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[SlimDX] strange error from Effect.FromFile (D3D9)

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Hi, i've just started toying around with HLSL/shaders in SlimDX/Direct3D9, so please forgive me if i missed something totaly obvious. But i can't seem to even get the most basic shaders running. Thats how i try to create the effect:
fx = Effect.FromFile( GraphicsDevice, "Content\\Effects\\Test.fx", ShaderFlags.None );


this line always throws a Direct3D9Exception "E_FAIL: An undetermined error occurred (-2147467259)". GraphicsDevice is a valid Direct3D9.Device (i use it just above that line to create a VertexBuffer without any trouble), the file is there (opening and dumping to console works like expected) and the shader seems to be ok (compiles and runs in fx composer) and i tried different types/combinations of shader flags (i.e. ShaderFlag.Debug | ShaderFlags.PartialPrecision like in the water sample that comes with SlimDX). I'm using the November 2008 distribution of SlimDX, the samples work, even those that use effects like the water sample. I also tried the debug runtimes + unmanaged code debugging but that only gives the usual infos when the device is created. No extra details or actually nothing at all about that error. What am i missing here? Thanks. Edit: if that helps, here's the shader:
float4x4 ProjectionMatrix : PROJECTION;
float4x4 ViewMatrix : VIEW;
float4x4 WorldMatrix : WORLD;

float4 LightDirection;
float4 LightAmbient;
float4 LightColor;



struct VertexIn {
	float3 Position : POSITION;
	float3 Normal : NORMAL;
};

struct VertexOut {
	float4 Position : POSITION0;
	float3 Normal : TEXCOORD0;
	float3 LightDir : TEXCOORD1;
};


void VS_Main( VertexIn input, out VertexOut output ) {
	float4x4 WorldViewProjectionMatrix = mul( WorldMatrix, mul( ViewMatrix, ProjectionMatrix ) );
	float3 LightDir = normalize( LightDirection );
	
	output.Position = mul( float4( input.Position, 1 ), WorldViewProjectionMatrix );
	output.Normal = normalize( mul( input.Normal, WorldMatrix ) );
	output.LightDir = LightDir;
}

float4 PS_Main( float3 Normal : TEXCOORD0, float3 LightDir : TEXCOORD1 ) : COLOR0 {
	return LightAmbient + LightColor * saturate( dot( LightDir, Normal ) );
}


technique Test {
	pass P0 {
		VertexShader = compile vs_2_0 VS_Main();
		PixelShader = compile ps_2_0 PS_Main();
	}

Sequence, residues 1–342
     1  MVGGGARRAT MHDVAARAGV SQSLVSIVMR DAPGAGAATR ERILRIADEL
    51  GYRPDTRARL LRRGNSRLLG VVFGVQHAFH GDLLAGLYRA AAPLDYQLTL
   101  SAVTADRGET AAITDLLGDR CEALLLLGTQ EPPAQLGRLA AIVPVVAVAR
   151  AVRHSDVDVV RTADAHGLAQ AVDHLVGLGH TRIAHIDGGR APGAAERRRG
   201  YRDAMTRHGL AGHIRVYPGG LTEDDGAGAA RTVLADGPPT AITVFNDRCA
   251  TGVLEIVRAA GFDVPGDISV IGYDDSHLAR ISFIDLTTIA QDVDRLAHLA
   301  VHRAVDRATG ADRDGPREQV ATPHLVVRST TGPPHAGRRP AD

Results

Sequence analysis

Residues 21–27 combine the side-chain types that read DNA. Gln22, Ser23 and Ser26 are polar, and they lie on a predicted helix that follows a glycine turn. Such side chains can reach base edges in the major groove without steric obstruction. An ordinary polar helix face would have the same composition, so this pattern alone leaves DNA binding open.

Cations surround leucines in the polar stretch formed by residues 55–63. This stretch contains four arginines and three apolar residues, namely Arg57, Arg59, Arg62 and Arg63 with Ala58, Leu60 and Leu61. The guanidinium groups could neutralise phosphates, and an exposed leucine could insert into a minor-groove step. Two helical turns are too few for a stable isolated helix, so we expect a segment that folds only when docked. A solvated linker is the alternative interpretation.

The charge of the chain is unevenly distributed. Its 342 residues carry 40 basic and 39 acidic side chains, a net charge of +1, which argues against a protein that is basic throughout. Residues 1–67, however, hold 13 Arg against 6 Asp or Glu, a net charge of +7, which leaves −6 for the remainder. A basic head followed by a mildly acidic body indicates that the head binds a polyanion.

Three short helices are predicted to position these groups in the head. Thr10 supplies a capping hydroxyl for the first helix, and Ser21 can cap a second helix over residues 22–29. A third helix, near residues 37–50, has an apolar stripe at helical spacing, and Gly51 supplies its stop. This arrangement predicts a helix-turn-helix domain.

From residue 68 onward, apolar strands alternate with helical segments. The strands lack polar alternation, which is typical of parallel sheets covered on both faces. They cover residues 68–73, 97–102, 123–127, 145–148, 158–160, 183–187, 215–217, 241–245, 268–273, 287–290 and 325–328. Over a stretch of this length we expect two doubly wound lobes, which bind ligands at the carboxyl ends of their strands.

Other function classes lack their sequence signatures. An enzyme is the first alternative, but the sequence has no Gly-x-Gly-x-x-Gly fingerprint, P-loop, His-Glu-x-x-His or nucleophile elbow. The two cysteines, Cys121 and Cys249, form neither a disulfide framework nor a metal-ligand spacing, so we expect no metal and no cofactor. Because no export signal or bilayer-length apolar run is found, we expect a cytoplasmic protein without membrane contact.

}


but as i said: it compiles, runs and works in fx composer so shouldn't be the problem.

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Enable the debug runtimes, use unmanaged debugging, and call the overload of FromFile that takes "out compilationError" to examine any messages from the compiler.

Post the results -- particularly of any additional messages printed to the output window.

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Well, first of all thanks for the quick reply!
The Effect.FromFile overload that returns an error message did the trick. I was already using the debug runtimes and unmanaged code debugging, but that didn't give any error messages.
I fell kinda dumb but in the end the problem was, that i created the shaders as text files in Visual Studio which uses UTF-8 encoding by default. Converted it to ASCII and it worked. Well, [rolleyes].

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Yeah, the dumb effect compiler barfs on Unicode, which is really annoying. We should try to get an exception thrown if we can detect that the file is Unicode.

As a side note, you don't necessarily need to use the overload that returns compiler errors if you don't want to. The exception that gets thrown on failure contains the compiler errors inside its Data property, so you can look at that in the debugger.

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Quote:
Original post by Mike.Popoloski
We should try to get an exception thrown if we can detect that the file is Unicode.
You don't really want to go there. There's a Win32 API function that attempts to detect encoding, but it's not completely reliable.

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Quote:

The exception that gets thrown on failure contains the compiler errors inside its Data property, so you can look at that in the debugger.

The Data property is the spawn of Satan and I, for one, will not condone its use!

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While i also don't think that those methods should check the encoding of it's input, it would imho help a lot if the exception thrown when effect compiler fails to compile it's input would be a little bit more descriptive.

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I'll admit it's unfortunate that D3DX returns E_FAIL in the first place, rather than using a D3D specific error code. Still, we usually try to avoid making too many changes to how DX looks to a C# user compared to a C++ one. I'll talk with the guys and see what they think.

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